Here you will find a lengthy letter from theIran Policy Committee, complaining about my coverage of a pro-MEKevent in Washington, DC. Below that letter is my point by pointrebuttal.

One for the archives.

Reprinted from
Responseto ‘Terrorist Group Supporters Meet inWashington'

Tuesday, June 6,2006

Myths and Facts about The Second AnnualNational Convention for a Democratic, Secular Republic in Iran,Washington D.C.

This article is in response to KenTimmerman's article TerroristGroup Supporters Meet inWashington from May26th, 2006.

By Clare M. Lopez

Kenneth Timmerman got many thingsmixed up in his article, "MEK, Iranian Terrorist Group SupportersMeet in Washington," May 26, 2006, Web site. His articlerequires my response, as some of the inaccuracies involve the IranPolicy Committee and its research on the issue of the Iranianopposition.

 Timmerman's actions serve to strengthen the regime by attackingthe First Amendment rights of Iranian expatriates as well astargeting Iran's main pro-democracy opposition—the NationalCouncil of Resistance of Iran (NCRI) and its member organization, theMujahedeen-e Khalq (MEK).

 Timmerman is a modern-day version of the so-called "usefulfool" or Communist sympathizer of Cold War years, one who providedsupport, wittingly or not, to the repressive Soviet regime.Timmerman's description of the Second Annual National Convention fora Democratic, Secular Republic in Iran is a template of naïve,foolish, factual distortion that is already greeted with satisfactionby Tehran's terrorist clerics, as it has already appeared on websitesoperated by Iran's Ministry of Intelligence.

 Below are some of the Timmerman myths followed by thefacts:

Asserts that Professor Raymond Tanter, who chairs the Iran PolicyCommittee (IPC), addressed the Convention, and calls the IPC "aprivate group in Washington that is lobbying Congress and the Bushadministration to remove the MEK and its front groups from theterrorist list."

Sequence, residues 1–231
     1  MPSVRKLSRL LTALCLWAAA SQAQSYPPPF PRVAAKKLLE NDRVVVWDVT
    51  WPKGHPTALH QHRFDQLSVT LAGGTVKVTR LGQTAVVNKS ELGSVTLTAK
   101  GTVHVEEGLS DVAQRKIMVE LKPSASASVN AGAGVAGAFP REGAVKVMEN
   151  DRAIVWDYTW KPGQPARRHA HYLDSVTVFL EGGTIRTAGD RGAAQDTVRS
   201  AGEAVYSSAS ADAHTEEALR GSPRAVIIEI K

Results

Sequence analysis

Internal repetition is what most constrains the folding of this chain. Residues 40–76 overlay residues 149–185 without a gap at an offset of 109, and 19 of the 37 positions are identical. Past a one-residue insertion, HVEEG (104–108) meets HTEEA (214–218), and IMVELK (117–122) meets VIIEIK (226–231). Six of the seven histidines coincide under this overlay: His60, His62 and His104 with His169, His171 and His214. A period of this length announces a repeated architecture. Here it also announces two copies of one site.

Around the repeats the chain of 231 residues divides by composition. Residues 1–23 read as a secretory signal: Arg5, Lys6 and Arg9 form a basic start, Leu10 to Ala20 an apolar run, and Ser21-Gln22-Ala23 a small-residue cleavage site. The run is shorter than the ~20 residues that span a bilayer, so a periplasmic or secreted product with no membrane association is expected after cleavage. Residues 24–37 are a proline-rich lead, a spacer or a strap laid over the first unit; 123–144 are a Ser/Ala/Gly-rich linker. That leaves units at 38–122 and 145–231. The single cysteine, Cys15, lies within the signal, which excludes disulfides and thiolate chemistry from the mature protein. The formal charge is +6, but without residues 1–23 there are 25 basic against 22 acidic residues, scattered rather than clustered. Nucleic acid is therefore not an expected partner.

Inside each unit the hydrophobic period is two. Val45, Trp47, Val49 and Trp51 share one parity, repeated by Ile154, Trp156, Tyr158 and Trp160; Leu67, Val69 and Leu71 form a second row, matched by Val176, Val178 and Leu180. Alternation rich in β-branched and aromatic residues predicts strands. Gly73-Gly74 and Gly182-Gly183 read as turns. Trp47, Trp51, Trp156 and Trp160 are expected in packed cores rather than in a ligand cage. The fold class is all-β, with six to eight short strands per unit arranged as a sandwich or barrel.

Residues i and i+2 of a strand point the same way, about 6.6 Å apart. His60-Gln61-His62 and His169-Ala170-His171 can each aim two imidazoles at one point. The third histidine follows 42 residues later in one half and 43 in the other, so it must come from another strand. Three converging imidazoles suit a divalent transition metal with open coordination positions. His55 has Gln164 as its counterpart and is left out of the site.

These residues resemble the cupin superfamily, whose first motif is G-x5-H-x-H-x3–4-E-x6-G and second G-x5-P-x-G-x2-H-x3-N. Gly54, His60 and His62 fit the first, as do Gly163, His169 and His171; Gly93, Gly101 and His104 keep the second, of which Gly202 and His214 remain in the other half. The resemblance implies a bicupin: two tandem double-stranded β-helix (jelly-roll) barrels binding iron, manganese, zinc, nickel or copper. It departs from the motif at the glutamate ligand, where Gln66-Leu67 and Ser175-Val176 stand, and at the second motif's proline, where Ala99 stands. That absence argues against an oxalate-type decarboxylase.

In fact, although Iran Policy Committee (IPC) PresidentProfessor Raymond Tanter and Executive Director, Clare Lopez, were inattendance at the Convention, neither one addressed the group. TheIPC is a leading Washington think tank, established in 2005, whichconducts extensive research on policy issues related to Iran as wellas engages in educational efforts about Iranian topics throughpublication and speaking activities.

 The IPC complies with all relevant regulations of the Districtof Columbia, where it is registered as a non-profit organization, aswell as those of the Internal Revenue Service, which requires annualdisclosure about donors, funding, expenditures, members, anddirectorship.

Asserts that the only member of Congress who addressed the rally wasRepresentative Ted Poe, R-Texas.

 In fact, Member of Congress Bernice Edie Johnson, D-Texas, alsospoke, and the Chief of Staff for Senator Tom Coburn, R-Okla.,addressed the event. The IPC obtained copies of messages of abipartisan group of members of Congress to the Convention, amongthem, House International Relations Committee members, Tom Tancredo,R-Colo., Michael McCaul, R-Texas, as well as Judiciary Committeemember, Sheila Jackson-Lee, D-Texas. In attendance, moreover, weremany congressional staffers from the House and the Senate.

 Ambassador Pierre Prosper, former Ambassador-at-Large for WarCrimes (2001-2005) and Ambassador James Akins, former ambassador toSaudi Arabia, also addressed the event.

Claims that the MEK took part in the 1979 revolution against the Shahbut only lately has become anti-regime

Asserts that the MEK allied with Saddam Hussein during the 1980-1988Iran-Iraq War

Favorably cites a 1994 report to Congress, where the State Departmentexplained that it had designated the group as a terroristorganization because it had taken part in the 1979 taking of the U.S.embassy in Tehran and had murdered Americans working in Iran underthe Shah